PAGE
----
RISE!

The long awaited return of Vibeke Stene to the metal scene has finally happened in 2020. The former Tristania vocalist has teamed up with Asgeir Mickelson (ex Borknagar, ex Ihsahn, etc.) in a new Doom Metal band called Veil of Secrets. They’ve just released their self-produced debut album, “Dead Poetry”, so we contacted them to discuss the same and everything else related to the band.

 

RISE!: – Asgeir, I know you’ve been involved with some bands along these years, but Vibeke, tell us what you’ve been doing these years where you were not active in the music scene. I know you’ve been acting…

Vibeke Stene: Yes, I’ve participated in four plays at the theatre. That’s been my artistic expression during these years. Teaching takes most of my time.

R!: – Singing teacher?

VS: No, I’m a teacher at the primary school. I teach all lessons for the younger children. I teach them how to read and write. That’s nice.

R!: – You’ve started the God of Atheists project some years ago, what happened with that and why did you decide to start another project from scratch?

Asgeir Mickelson: Well, God of Atheists is a project, so that’s kind of an experiment. The idea was to make an extreme metal album with only Norwegian musicians, then I wanted a female vocalist as well and I checked the female vocalists in Norway and the one that I definitely liked the most was Vibeke. That’s why I asked her. Then there have been lots of delays and right now there are five bass tracks left to complete and that’s how it stands. Then we started to work together for Veil of Secrets, so I put the God of Atheists on hold in order to focus on the Veil of Secrets album. Now that the album is out, I can dig out the old files and see if I can get the GoA album done, but I need to get Lars (Norberg) into the studio to record the last bass tracks.

VS: Well, you can invite him here.

AM: He lives half an hour away from us, so now that we’ve built the studio, he can just come over here and record, so we’ll see.

R!: – How did you come up with the name Veil of Secrets?

VS: We had a little secret that we were working together. We liked the word “Secrets”. When we create music, it comes from within where our secrets are hidden. We liked that word, but we couldn’t find a way to use only “Secrets” in any language or form, so we had to think for a while until we ended with Veil of Secrets.

AM: I think there’s a South Korean girl band called The Secret. It’s really hard to find an original band name nowadays because everything is taken, but the word “Secret” fits well with Vibeke because she had become kind of a secret. At least since she quit Tristania, she’s been kind of hidden. The word “Secrets” would be a match for her. Then we needed another word and we added “Veil”. It sounded good and it fits the music.

VS: It fits the genre I think.

AM: You always want to find something original and really cool, but the years go by and you can’t find anything better, so you have to decide, you know?

VS: And those are my letters; VS, I like that. It’s my signature as well (laughs)

R!: – Yeah, I was thinking about that!

AM: So we’re going to start a new band using AM (laughs)

R!: – Who was responsible for the band’s logo?

VS: That was Mateusz Witczak.

AM: He’s a Polish visual typography artist who makes lots of logos. He’s a professional designer.

VS: We wanted these Doom style ornamental letters and we found his work on the internet and contacted him.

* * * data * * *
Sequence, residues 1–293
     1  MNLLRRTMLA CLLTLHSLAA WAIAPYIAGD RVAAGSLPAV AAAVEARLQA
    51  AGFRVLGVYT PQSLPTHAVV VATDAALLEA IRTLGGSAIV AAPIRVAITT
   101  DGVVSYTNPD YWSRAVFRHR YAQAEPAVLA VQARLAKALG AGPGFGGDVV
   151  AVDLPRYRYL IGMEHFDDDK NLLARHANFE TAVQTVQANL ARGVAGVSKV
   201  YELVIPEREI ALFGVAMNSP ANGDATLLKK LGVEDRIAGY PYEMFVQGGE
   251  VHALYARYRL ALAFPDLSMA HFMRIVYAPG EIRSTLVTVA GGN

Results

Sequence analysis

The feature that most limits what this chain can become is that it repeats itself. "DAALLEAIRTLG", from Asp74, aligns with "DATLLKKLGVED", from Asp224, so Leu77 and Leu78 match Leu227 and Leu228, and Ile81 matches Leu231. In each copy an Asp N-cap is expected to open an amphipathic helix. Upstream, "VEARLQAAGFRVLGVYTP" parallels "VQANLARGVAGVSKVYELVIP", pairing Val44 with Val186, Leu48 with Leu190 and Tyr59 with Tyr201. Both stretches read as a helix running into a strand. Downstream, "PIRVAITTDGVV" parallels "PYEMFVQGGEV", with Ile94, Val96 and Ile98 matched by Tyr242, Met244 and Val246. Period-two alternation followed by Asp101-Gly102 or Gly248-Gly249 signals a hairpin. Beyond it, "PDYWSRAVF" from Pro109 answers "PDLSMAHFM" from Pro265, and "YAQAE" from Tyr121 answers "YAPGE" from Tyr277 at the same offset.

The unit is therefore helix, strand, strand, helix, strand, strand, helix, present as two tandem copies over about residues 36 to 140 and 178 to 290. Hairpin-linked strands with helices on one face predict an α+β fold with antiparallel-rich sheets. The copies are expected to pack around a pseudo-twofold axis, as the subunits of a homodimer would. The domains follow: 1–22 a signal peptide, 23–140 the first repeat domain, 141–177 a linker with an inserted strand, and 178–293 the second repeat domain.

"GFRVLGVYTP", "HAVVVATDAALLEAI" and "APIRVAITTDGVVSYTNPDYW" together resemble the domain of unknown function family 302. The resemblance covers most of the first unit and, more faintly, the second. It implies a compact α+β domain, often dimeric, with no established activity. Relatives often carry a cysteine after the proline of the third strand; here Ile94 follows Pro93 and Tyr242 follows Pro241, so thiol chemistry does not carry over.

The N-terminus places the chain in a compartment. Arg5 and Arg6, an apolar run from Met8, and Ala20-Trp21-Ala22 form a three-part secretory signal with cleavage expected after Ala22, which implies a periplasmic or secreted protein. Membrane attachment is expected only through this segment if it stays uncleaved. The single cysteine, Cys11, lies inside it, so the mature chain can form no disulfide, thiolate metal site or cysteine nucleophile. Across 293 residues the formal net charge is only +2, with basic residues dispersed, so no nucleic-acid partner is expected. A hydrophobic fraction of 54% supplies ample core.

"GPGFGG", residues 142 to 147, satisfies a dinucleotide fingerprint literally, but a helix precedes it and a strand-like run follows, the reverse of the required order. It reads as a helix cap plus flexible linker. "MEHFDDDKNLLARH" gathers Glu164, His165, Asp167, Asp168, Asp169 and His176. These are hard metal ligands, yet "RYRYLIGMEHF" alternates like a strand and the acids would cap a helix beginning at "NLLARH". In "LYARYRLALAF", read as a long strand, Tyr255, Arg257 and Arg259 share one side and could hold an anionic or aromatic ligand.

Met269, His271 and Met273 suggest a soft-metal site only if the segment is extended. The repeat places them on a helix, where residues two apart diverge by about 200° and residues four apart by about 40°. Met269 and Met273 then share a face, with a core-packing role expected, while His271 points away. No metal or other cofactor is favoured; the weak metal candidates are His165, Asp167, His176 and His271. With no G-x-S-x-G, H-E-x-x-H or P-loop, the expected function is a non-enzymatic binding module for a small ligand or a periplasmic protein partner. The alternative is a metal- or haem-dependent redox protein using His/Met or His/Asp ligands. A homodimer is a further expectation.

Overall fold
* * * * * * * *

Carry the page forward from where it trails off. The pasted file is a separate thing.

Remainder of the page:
AM: He works for advertisement agencies and everything because he’s really great, but I think he makes most of his logos for tattoo shops because he has this typical style used by them. That also took a couple of years to work through because he was so busy.

R!: – What about the songs on the album? Were they written a long time ago? Maybe you had some God of Atheists riffs that you used for this or you just started everything from scratch?

VS: When we had been working together for God of Atheists, we got to know each other and I got to hear some material he had been working on. He had seven or eight doom songs and some of that material I really loved, so I asked him if I could sing on it.

AM: I’ve played guitar for some years before I switched to drums, then I didn’t play much guitar until 2002 when I bought the D/A converter for my Mac, so I could record on it. Then I started to play and write riffs and just have fun. Doom and thrash metal is what I grew up with, and of course the typical general heavy stuff like Iron Maiden, AC/DC, Kiss, etc. Then I started to write a lot of doom metal riffs, so the earliest songs are from 2002 and 2003, but I think the oldest riff on the album is from 1989 or 1990.

R!: – Wow! What riff is it?

AM: It’s the mid-section of “Sear the Fallen”. It’s a really old riff.

VS: But we made new songs for the album too.

AM: Well, when she asked to sing on the material, I had even talked to Messiah (ex Candlemass) to sing on it, but he said he didn’t have time because he was going to release a solo album. I think that was seven or eight years ago and he still hasn’t released anything. So I had been thinking about the typical male doom metal singer and then Vibeke asked to sing on it (laughs). I had to think about her proposal for a couple of days because I was so set into my vision and I had to forget that and rethink the whole band. Then I realized it was going to be great. I remember I was really happy when we decided to work together, so I wrote two songs immediately, which are “The Last Attempt” and “Entirety”. Those are the newer songs.

R!: – Actually the positive thing about her joining the band is that it sounds pretty unique. You have the traditional Doom, but you also have these unique vocals at the same time, so it’s not just Candlemass worship. You have also these Candlemass-like riffs, but sometimes, specially in “Sear the Fallen”, I’ve noticed some My Dying Bride influence too.